Drink your bacon
Here's the deal: at Drink, there's no menu. You tell your barkeep what you're hankering for—something with mint, or something classic, or something with champagne and tequila—and they create a concoction just for you. Oh, and everything is $10.
It's a brilliant idea, and opens up a million possibilities. Perhaps too many: how on earth do you decide?
Luckily, that problem was solved when I heard the story of the guy who walked into Drink with a bag of Circus Peanuts and challenged the staff to use them in a cocktail. The result involved ... bacon-infused bourbon.
We turned up just after 5 pm on Saturday; the place was already lively, though not packed. Drink is in a long, narrow basement space, with walls of exposed foundation stone and brick. There's a collection of punch bowls, sensuously curved glassware, pots of fresh herbs, a pile of citrus.
The bar top has been cleverly designed to maximize capacity: rather than running in a straight line from one end of the room to the other, it meanders like a river, turning at right angles and doubling back, creating smaller islands around which everyone gets a front-row seat, sushi-bar style.
Most noticably, there's no alcohol in sight; no uplit shelves of bottles, no logos, no beer taps. Everything is tucked away below the counter. It's almost like they don't want to give you any clues.
But when our bartender asked what we wanted, I was ready.
"Do you have any bacon-infused bourbon?"
His face lit up. "Absolutely—I just made some this morning. So you know about it? That's great!"
He suggested a couple of options: a bacon flip, made with a whole egg; a bacon Old-Fashioned; or, he said, "I've been thinking about trying something with scotch. You want to try that?"
Yes. Yes, I did.
The Boy, eyeing up the herb garden, opted for "something with rosemary."
As our new best friend set to work, he explained how to make bacon-infused bourbon:
- Fry up a whole heap of bacon.
- Drain the fat and mix it with bourbon.
- Next (and this is the genius part), freeze it. The fat will harden but the alcohol will stay liquid.
- Discard the fat; pour the bourbon through a coffee filter to remove any residual impurities.
The aroma hit me first: strong, smoky and most definitely bacon-tastic. It was a serious, manly, put-hairs-on-your-chest drink; it suggested boozing with Frank, baby, until the wee small hours and then grabbing breakfast at a joint off the Strip at 4am.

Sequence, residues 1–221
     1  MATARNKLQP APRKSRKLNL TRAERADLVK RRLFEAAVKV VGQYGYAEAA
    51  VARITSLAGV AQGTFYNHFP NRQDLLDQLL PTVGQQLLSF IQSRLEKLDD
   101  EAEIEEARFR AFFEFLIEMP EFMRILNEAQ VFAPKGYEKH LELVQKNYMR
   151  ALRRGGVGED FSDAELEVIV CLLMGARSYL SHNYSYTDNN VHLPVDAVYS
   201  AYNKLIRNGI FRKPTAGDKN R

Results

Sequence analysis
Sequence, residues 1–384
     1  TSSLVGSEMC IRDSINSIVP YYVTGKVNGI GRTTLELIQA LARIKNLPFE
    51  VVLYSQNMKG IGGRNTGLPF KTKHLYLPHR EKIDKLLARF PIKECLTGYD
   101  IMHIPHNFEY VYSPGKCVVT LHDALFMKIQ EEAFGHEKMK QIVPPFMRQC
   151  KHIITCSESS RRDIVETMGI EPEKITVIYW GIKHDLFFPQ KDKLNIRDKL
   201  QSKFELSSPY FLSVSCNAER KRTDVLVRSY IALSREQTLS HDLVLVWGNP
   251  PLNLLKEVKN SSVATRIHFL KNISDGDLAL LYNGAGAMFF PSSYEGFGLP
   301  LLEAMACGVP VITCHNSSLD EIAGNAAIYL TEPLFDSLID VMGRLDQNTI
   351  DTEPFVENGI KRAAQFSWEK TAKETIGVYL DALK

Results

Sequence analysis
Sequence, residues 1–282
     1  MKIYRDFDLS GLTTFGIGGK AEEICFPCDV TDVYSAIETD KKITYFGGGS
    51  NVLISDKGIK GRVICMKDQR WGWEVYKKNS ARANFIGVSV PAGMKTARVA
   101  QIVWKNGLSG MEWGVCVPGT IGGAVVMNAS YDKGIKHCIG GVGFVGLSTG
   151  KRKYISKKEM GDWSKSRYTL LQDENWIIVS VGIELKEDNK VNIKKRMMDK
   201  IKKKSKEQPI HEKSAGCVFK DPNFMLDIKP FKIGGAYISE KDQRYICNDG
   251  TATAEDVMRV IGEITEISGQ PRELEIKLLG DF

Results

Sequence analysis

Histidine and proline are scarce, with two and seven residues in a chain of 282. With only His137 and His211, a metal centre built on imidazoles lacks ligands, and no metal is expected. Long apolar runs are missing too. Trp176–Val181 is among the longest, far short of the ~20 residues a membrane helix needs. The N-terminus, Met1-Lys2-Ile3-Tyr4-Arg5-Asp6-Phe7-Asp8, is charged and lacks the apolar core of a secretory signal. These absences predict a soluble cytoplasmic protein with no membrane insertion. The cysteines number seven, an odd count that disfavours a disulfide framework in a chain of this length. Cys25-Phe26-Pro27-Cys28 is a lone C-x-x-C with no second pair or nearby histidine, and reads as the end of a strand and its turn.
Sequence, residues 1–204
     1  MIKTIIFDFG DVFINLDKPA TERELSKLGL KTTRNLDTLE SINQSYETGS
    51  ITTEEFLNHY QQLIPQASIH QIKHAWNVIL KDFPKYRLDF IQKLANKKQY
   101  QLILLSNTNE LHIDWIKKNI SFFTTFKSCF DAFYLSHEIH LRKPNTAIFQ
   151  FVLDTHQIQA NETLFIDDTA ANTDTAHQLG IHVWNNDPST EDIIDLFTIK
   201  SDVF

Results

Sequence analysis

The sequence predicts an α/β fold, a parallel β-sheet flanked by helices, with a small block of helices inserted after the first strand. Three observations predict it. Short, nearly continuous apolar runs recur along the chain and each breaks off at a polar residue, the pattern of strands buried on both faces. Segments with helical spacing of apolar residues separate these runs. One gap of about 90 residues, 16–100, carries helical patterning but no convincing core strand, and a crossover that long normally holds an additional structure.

The Boy's drink, by comparison, was afternoon tea: cognac and honey simple syrup muddled with rosemary and finished with club soda.
We sat and sipped and watched the bar staff create. One customer asked for "something with lemon and lavender"; another wanted something with St-Germain and dry vermouth; the old guy next to me gave specific instructions for vodka, lemon and egg white. "I used to make these back in my fraternity," he told me conspiratorially. "You'd give it to girls, and they never knew it had alcohol. They thought it was lemonade!"
With each new request, the bar-artists (bartists?) ducked below the counter and pulled out hand-labeled bottles: raspberry simple syrup; ginger soda in a syphon. They grabbed handfuls of ice and cracked it with a spoon. One guy poured a flaming concoction between two silver tankards, blue fire dancing in the dark bar.
For round two, we changed tack: I went for "something with sage," and The Boy asked what other infusions they had.
"How about pistachio in apple brandy?"
So I had a lovely sage margarita (no triple sec, which would have added too much sweetness and hidden the subtlely of the herb), and The Boy had a brandy sour. The infusion was fabulous, with the apple notes up front and the sweet nut oil coming through in the finish.
We left at around 6:45, and Drink had become standing-room-only busy. From all accounts, it's an impossible ticket by 8pm.
But even if we can't make it back there for a while, we did get some inspired ideas. Our rosemary bush will see more than just lamb action; my summer herb garden is going to need double the sage (I wish I'd asked the guys at Drink what they make with their pot of fresh chives ...).
And the bacon-infused bourbon? Okay, maybe that's best left to the professionals.